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The President relies with confidence on your zeal and ability in executing the important duty committed to your charge.

I am,

&c.

No. 2.

Mr. Black to Mr. Buchanan.

[Extracts.)

CONSULATE OF THE U. S. OF AMERICA,

Mexico, October 17, 1845. I had the honor, on the 10th instant, of receiving your communication of the 17th ultimo.

On Saturday evening, the 11th instant, I obtained a confidential interview with the minister of foreign relations of the Mexican republic, in relation to the important charge which his excellenoy the President of the United States was pleased to confide to me, and am happy now to have it in my power to advise my government of a favorable result; the proceedings had with the Mexican government in this affair will be seen by reference to the enclosed documents, Nos. 1 and 2.

No. 1 is a copy of a confidential communication addressed by this consulate to his excellency the minister of foreign relations of the Mexican government; and No. 2 is a copy of the said minister's answer to said communication.

When I handed the aforesaid communications to his excellency on Monday the 13th instant, I requested that an answer might be given as early as possible, and desired to be informed at what time it would likely be given. He promised that on Wednesday evening the 15th, and requested at that time a private interview with me, to be at eight o'clock in the evening, (not at the department, he said, but at his private dwelling,) in order, as he said, that the affair might be kept as close and as little exposed to public view as possible, to avoid suspicion. At the time appointed, I went to his house; he (being alone in his study) received me cordially and politely, and told me the answer was ready, and only wanted his signature, which he placed to it in my presence, stating, at the same time, that he would accompany the answer with some verbal, frank, and confidential explanations; which, after reading to me the answer, he did, in the following manner:

He said that the Mexican government, notwithstanding it felt itself very much aggrieved and offended by the acts of that of the United States, in relation to the affairs of Texas, yet it would appear to be out of place to express these feelings in a communication of this nature; and that, if the government had but itself to consult, the expression of these feelings would have been left out of the communication, as they only tend to irritate; but that I knew, as well as he did, that governments like ours must endeavor to reconcile the feelings and opinions of the people to their public acts; and that I also knew, very well, that a strong opposition were daily calling the attention of the public to, and scrutinizing and condemning every act of, the government, and that the govern ment endeavored to give them as little pretext as possible; and therefore, wished me to make this explanation to my government.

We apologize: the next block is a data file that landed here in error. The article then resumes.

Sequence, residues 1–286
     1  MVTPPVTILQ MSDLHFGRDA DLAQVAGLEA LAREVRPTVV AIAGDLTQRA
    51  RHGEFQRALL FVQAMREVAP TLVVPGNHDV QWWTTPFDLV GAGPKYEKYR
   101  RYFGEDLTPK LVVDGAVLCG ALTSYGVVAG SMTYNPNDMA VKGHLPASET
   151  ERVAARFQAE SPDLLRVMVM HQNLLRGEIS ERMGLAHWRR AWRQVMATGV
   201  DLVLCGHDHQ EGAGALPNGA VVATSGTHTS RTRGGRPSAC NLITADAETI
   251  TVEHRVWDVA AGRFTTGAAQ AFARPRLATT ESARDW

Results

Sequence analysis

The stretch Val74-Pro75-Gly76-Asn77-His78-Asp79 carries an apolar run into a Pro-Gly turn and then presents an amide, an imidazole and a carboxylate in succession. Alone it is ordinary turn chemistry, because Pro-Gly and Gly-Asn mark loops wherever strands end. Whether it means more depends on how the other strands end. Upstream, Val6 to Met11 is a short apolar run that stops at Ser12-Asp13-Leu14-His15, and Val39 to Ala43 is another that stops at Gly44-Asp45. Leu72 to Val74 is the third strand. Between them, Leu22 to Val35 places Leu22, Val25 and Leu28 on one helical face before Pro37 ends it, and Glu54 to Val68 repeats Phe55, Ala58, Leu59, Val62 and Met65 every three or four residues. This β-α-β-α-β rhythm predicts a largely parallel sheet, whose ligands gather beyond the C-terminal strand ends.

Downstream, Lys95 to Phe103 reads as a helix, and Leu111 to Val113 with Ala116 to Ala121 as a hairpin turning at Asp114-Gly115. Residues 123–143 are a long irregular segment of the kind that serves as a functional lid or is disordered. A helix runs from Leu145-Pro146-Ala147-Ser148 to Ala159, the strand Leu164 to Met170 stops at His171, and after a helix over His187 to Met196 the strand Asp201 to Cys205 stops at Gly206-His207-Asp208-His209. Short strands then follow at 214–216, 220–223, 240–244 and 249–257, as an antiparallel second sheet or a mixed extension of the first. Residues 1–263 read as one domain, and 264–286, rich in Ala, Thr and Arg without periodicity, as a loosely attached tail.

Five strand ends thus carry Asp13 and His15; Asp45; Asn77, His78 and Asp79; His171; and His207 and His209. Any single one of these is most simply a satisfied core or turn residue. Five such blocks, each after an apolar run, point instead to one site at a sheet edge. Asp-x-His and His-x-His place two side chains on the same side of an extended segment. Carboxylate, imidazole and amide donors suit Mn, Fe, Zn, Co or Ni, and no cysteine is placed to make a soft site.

And that, in relation to the qualities he had recommended to be possessed by the person to be sent out by the government of the United States for the settlement of existing differences, it was the wish of the Mexican government, and would be for the good of both countries that a person suitable in every respect should be sent, endued with the necessary qualities, and not one against whom the government or people of Mexico should, unfortunately, entertain a fixed prejudice, which would be a great obstacle in the way to an amicable adjustment of differences.

*

And that, in order that the coming of the commissioner might not have the appearance of being forced on them by threat, his government wished the naval force of the United States, now in sight of Vera Cruz, should retire from that place before his arrival; and requested that I should inform his government, by a communication, as soon as I should know the fact, of their having left. These things he repeated more than once, and with the appearance of a great deal of earnestness, and enjoined it upon me not to fail to advise my government; and that he communicated these things to me, not as a minister, but as an individual and friend, who wished for the good exit of the contemplated mission.

Notwithstanding my communication to the Mexican government of the 13th instant was of the most confidential character, as well as all the proceedings in relation to the affair, and this at the request of the Mexican minister, who himself enjoined secrecy upon me, and promised the strictest adherence to it, on his part, So you will be able to see what reliance can be placed on the most solemn injunctions of secrecy, as far as this government is concerned.

[Enclosure No. 1.]

Mr. Black to Mr. Peña y Peña. .

[Confidential.]

CONSULATE OF THE UNITED States,

Mexico, October 13, 1845. The undersigned, consul of the United States of America, in a confidential interview with his excellency Manuel de la Peña y Peña, minister of foreign relations and government of the Mexican republic, which took place on the evening of the 11th instant, had

the honor to advise his excellency that he, the undersigned, had received a communication from the Secretary of State of the United States; and having, in that interview, made known to his excellency the substance of said communication, which contained a reiteration of the sentiments which, at the time of the suspension of the diplomatic relations between the two countries, had been expressed to General Almonte, and which were now renewed, and offered to the consideration of the Mexican government.

His excellency having heard, and considered with due attention, the statement read from the communication aforesaid, and having stated that, as the diplomatic relations between the two govern

ments had been and were still suspended, the present interview - could and should have no other character than that of a confiden

tial meeting, which was assented to, and only considered in that light by the undersigned.